Life: A Critical User's Manual

Front Cover
Wiley, Jul 16, 2018 - Social Science - 150 pages
How can we think of life in its dual expression, matter and experience, the living and the lived? Philosophers and, more recently, social scientists have offered multiple answers to this question, often privileging one expression or the other – the biological or the biographical. But is it possible to conceive of them together and thus reconcile naturalist and humanist approaches? Using research conducted on three continents and engaging in critical dialogue with Wittgenstein, Benjamin, and Foucault, Didier Fassin attempts to do so by developing three concepts: forms of life, ethics of life, and politics of life.

In the conditions of refugees and asylum seekers, in the light of mortality statistics and death benefits, and via a genealogical and ethnographical inquiry, the moral economy of life reveals troubling tensions in the way contemporary societies treat human beings. Once the pieces of this anthropological composition are assembled, like in Georges Perec’s jigsaw puzzle, an image appears: that of unequal lives.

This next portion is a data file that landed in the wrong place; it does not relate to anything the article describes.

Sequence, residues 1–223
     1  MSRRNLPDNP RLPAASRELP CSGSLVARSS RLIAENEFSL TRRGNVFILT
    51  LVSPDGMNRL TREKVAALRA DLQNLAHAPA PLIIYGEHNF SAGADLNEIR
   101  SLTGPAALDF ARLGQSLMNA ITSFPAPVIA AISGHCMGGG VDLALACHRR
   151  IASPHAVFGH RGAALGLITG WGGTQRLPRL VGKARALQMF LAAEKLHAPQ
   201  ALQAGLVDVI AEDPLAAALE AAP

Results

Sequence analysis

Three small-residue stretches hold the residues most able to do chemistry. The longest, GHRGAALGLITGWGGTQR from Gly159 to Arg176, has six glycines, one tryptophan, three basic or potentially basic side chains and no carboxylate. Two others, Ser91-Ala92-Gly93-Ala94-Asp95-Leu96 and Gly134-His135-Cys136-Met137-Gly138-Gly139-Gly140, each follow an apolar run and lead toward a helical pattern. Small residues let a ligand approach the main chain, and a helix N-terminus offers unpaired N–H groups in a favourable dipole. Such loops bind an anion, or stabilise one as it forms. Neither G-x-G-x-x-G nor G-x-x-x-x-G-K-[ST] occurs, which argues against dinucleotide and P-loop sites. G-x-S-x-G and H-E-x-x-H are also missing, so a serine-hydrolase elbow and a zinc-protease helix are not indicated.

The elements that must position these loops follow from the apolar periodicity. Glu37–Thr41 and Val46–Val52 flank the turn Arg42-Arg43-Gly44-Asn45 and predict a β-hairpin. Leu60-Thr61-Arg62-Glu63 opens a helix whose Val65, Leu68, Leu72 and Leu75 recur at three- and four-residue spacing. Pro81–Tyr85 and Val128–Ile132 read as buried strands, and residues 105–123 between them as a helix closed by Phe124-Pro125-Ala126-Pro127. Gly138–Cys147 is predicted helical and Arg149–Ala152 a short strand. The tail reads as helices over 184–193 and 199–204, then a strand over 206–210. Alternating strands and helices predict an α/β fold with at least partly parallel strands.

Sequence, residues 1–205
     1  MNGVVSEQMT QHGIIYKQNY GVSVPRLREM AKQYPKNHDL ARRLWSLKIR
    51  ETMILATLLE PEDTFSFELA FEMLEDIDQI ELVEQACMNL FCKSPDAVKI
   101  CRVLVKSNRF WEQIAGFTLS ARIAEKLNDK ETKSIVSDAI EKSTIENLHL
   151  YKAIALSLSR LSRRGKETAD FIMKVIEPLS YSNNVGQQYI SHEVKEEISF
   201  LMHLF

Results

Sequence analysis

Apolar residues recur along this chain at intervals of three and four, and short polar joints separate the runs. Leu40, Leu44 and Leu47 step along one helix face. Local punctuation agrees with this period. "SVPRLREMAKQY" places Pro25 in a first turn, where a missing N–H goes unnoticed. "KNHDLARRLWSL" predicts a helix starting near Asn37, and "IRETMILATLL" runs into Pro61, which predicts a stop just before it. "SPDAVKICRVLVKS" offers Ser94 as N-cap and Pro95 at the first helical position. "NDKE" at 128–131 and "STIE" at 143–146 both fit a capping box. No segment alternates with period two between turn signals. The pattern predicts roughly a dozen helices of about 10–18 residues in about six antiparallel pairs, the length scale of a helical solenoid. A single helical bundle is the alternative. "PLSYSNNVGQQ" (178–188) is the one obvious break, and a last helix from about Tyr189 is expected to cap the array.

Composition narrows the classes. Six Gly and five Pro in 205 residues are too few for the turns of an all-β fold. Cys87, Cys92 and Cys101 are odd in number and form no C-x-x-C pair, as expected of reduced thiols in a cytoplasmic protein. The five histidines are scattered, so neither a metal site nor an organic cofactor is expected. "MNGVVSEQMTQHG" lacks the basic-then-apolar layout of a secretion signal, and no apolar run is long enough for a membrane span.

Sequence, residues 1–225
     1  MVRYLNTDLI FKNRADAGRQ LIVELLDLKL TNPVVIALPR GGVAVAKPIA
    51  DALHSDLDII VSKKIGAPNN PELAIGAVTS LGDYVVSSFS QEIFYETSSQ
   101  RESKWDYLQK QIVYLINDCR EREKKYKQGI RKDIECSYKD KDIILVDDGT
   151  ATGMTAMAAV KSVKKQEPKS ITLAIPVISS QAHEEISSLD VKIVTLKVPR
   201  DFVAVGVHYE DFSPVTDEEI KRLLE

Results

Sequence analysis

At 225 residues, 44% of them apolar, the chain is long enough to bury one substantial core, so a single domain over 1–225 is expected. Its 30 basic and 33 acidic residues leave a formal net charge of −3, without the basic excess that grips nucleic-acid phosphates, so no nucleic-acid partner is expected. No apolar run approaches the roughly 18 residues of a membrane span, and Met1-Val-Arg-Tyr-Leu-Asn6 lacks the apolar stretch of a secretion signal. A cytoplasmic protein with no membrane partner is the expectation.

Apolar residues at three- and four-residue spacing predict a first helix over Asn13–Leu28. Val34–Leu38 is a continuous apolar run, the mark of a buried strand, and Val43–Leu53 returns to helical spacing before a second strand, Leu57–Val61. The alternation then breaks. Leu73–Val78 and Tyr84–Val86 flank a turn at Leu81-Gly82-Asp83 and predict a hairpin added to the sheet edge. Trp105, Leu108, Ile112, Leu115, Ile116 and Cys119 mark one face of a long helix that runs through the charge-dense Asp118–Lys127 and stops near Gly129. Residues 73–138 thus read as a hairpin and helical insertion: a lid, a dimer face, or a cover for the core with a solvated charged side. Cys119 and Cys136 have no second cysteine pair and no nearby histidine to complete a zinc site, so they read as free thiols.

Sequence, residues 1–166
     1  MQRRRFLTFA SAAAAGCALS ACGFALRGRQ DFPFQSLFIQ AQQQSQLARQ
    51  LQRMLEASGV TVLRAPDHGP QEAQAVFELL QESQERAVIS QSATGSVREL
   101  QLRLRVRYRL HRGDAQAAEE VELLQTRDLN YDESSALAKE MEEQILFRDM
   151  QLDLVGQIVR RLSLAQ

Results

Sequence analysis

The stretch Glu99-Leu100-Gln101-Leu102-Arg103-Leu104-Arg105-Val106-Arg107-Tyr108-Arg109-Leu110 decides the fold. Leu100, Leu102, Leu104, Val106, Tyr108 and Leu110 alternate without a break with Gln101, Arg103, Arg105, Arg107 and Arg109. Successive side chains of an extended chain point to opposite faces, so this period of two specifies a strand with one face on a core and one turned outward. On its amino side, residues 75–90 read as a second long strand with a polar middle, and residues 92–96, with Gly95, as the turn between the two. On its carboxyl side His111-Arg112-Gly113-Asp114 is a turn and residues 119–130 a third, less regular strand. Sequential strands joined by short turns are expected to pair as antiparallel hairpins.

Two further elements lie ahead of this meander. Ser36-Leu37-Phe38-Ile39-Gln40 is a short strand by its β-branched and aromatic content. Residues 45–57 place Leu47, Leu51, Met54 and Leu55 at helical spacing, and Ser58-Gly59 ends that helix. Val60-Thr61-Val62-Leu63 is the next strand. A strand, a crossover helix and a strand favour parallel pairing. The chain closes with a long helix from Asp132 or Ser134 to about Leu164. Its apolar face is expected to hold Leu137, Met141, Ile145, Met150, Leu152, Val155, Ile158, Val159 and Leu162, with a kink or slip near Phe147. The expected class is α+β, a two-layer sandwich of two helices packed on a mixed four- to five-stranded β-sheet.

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About the author (2018)

Didier Fassin is Professor of Social Science at the Institute for Advanced Study in Princeton. His works include Enforcing Order: An Ethnography of Urban Policing and Prison Worlds: An Ethnography of the Carceral Condition

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